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Latino Youths, Leaders Share Honors at Gala Spotlighting Achievement

Tribute: A Carlsbad teenager's determination to attend college despite many obstacles is cited by Washington-based Hispanic Heritage.


WASHINGTON — Linda Chavira Moreno and her friends grew up idolizing distant stars like pop-diva Jennifer Lopez and singing sensation Gloria Estefan.

Nowadays, the kids in Moreno's neighborhood are looking up to her.

The Carlsbad native was one of six Latino youths honored here Friday at the Hispanic Heritage Awards, which recognize the positive contributions of Latino role models.

This fall, Moreno will become the first person in her family to attend college when she begins her freshman year at UC San Diego.

"Ever since I was kid, I knew I was going to college," said Moreno, 18, who hopes to become a geneticist. "My parents have been encouraging me since I was a baby."

After her father was incarcerated when she was 11, she said, she had to watch her younger brother Martin, while her mother, Carmen Chavira, worked two jobs to make ends meet.

Still, Moreno managed to maintain a 4.0 grade-point average at San Marcos High School in Carlsbad while competing as a star athlete in sports, including volleyball and swimming.

Now, Moreno says she hopes to overcome some of the negative stereotypes that Latinos face, using education as her vehicle.

"The fact that you are even here, that you've graduated from high school, is an achievement in itself," Jose Antonio Tijerino, the group's executive director, told Moreno and the five other recipients of the youth awards.

According to the U.S. Department of Education, the high school dropout rate for Latinos is 28%, compared with 7% for whites and 11% for the overall population.

Despite the fact that Latinos enter community college at higher rates than the rest of the population, they are less likely than those in other ethnic groups to get a four-year degree.

"There is no greater inspiration to a young person than another young person that succeeds in the classroom and community," Tijerino said.

The Washington-based nonprofit organization was established to provide a greater understanding of Latinos' contributions to the United States and to promote role models who inspire youths.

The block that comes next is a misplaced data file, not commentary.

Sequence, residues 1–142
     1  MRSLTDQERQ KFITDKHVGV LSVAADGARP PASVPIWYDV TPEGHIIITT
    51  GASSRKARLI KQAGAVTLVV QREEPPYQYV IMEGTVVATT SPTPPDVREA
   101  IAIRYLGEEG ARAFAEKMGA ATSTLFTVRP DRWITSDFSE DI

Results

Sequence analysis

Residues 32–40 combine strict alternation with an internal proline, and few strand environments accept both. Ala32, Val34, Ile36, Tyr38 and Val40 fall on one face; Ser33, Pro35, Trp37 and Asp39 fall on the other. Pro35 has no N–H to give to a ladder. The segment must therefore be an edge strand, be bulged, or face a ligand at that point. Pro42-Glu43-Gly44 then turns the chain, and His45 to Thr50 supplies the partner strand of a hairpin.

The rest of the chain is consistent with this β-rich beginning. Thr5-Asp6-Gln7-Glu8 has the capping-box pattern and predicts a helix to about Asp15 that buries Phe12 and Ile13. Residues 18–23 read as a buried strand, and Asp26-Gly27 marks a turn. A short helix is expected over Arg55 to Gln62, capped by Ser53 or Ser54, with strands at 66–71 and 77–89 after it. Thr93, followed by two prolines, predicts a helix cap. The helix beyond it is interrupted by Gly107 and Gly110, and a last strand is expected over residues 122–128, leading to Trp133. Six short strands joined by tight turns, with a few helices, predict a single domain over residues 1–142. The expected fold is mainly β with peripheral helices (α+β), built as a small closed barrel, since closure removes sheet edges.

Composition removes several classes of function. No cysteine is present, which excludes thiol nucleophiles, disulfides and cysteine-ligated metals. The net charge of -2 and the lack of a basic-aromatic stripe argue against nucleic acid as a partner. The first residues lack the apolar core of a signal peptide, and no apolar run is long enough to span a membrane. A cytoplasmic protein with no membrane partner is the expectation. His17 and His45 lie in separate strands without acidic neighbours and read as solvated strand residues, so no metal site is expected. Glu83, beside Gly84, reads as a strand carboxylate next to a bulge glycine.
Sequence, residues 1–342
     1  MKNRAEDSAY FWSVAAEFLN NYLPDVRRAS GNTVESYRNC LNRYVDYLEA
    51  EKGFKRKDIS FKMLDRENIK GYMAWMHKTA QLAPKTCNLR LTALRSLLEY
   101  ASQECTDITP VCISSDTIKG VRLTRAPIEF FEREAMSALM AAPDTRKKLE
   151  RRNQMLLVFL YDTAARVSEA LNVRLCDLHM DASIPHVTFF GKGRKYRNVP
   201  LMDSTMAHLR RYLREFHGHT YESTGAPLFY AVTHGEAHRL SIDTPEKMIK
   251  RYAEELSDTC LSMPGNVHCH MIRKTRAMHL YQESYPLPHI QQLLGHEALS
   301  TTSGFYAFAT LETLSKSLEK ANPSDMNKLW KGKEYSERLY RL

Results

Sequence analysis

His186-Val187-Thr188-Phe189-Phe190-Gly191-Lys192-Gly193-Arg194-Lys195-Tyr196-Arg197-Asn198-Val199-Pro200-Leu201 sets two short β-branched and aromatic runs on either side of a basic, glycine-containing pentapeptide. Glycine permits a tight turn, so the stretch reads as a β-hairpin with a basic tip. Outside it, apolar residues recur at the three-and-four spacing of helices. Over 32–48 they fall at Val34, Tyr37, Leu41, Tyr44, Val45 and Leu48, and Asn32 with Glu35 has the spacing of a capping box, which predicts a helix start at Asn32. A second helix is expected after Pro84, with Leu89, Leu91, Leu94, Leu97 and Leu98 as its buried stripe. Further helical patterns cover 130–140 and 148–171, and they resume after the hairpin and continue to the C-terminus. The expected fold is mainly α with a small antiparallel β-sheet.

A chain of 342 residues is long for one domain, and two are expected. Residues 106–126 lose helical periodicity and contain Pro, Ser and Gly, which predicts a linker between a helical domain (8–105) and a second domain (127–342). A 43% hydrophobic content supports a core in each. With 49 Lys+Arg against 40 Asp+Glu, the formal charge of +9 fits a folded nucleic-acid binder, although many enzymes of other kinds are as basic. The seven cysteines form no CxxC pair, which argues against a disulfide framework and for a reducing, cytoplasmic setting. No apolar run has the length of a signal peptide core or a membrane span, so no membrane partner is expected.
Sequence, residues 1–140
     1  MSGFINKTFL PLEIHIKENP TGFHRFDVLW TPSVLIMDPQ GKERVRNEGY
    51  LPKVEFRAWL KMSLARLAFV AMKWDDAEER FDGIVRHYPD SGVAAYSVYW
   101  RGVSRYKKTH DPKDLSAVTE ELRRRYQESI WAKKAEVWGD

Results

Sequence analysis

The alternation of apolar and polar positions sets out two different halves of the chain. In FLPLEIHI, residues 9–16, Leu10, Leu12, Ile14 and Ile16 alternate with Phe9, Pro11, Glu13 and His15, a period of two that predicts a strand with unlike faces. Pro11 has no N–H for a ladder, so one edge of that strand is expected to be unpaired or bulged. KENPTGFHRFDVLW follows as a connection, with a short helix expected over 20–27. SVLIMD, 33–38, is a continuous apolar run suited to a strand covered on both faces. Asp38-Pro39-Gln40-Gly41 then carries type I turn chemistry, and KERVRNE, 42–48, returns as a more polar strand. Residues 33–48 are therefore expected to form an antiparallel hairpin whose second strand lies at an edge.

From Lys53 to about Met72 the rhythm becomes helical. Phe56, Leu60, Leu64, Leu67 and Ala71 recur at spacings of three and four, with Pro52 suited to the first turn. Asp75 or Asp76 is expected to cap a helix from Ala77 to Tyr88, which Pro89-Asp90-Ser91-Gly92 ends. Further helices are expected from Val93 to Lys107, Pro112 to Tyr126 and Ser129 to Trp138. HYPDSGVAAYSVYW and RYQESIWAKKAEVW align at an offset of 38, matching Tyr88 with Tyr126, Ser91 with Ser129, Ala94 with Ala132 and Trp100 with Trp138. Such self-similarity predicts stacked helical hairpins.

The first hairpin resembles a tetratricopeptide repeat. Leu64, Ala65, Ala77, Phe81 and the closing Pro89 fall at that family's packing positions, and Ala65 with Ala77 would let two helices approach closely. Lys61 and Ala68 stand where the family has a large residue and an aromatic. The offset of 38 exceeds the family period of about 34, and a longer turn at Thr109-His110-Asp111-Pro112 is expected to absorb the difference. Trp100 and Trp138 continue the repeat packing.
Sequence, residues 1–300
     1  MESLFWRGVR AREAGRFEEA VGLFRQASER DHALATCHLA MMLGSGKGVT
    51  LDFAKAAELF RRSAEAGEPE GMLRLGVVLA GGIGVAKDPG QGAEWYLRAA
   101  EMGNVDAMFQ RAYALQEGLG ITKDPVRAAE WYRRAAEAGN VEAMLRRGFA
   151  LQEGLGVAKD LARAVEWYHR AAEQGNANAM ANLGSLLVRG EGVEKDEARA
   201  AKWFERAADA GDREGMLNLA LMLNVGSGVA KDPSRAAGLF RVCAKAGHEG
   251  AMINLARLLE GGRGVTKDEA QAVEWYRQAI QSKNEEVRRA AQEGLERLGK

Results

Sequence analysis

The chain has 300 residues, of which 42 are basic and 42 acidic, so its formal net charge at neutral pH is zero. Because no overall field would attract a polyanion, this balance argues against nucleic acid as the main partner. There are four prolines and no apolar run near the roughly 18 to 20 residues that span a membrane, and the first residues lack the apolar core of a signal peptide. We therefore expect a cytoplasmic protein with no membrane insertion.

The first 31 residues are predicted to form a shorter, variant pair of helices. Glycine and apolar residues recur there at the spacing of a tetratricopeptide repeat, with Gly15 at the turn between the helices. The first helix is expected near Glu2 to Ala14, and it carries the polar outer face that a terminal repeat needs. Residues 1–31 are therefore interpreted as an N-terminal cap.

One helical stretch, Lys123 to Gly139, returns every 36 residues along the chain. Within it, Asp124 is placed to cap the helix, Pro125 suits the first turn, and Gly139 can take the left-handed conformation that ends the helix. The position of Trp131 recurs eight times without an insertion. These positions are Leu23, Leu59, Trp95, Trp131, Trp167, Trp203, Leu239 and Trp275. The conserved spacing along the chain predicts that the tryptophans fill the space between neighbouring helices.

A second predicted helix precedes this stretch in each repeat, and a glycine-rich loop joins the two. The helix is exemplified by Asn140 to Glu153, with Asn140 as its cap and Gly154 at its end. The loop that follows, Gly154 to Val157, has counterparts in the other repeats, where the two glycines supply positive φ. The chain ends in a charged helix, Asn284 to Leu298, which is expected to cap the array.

The awards, which will be broadcast as an NBC television special on Oct. 12, also honor five prominent members of the Latino community.

This year's honorees are best-selling novelist Julia Alvarez, People en Espanol publisher Lisa Quiroz, internationally acclaimed recording artist Ricky Martin, Mexican-American theologian Father Virgilio Elizondo and 2002 Olympic speed skater Derek Parra.

"My fellow Hispanic Heritage honorees are living proof that Latinos are more capable of excellence in any field you can imagine," said Parra, a San Bernardino native who became the first Mexican American to win a gold medal in the Winter Olympics.

The awards follow a series of recent events honoring the achievements of Latinos.

Last week, Sens. John McCain (R-Ariz.) and Tom Daschle (D-S.D.) and Rep. Richard A. Gephardt (D-Mo.) met with Latino leaders in Washington for the Congressional Hispanic Caucus Institute's 25th anniversary gala and Wednesday marked the third annual Latin Grammy Awards, which were televised nationwide.

Although Moreno's father dropped out of the 10th grade and her mother barely graduated from high school, her mother said she always pushed her daughter to succeed.

"I used to tell [Linda] when she was younger that she could do what everyone else was doing, or she could go out and do what I never did," said Chavira, who was 18 when she gave birth to Linda.

"She's really lit a fire in some of her cousins now," Chavira said. "They look up to her and see this is a girl they played with and grew up with, and she is really making it; she is successful."

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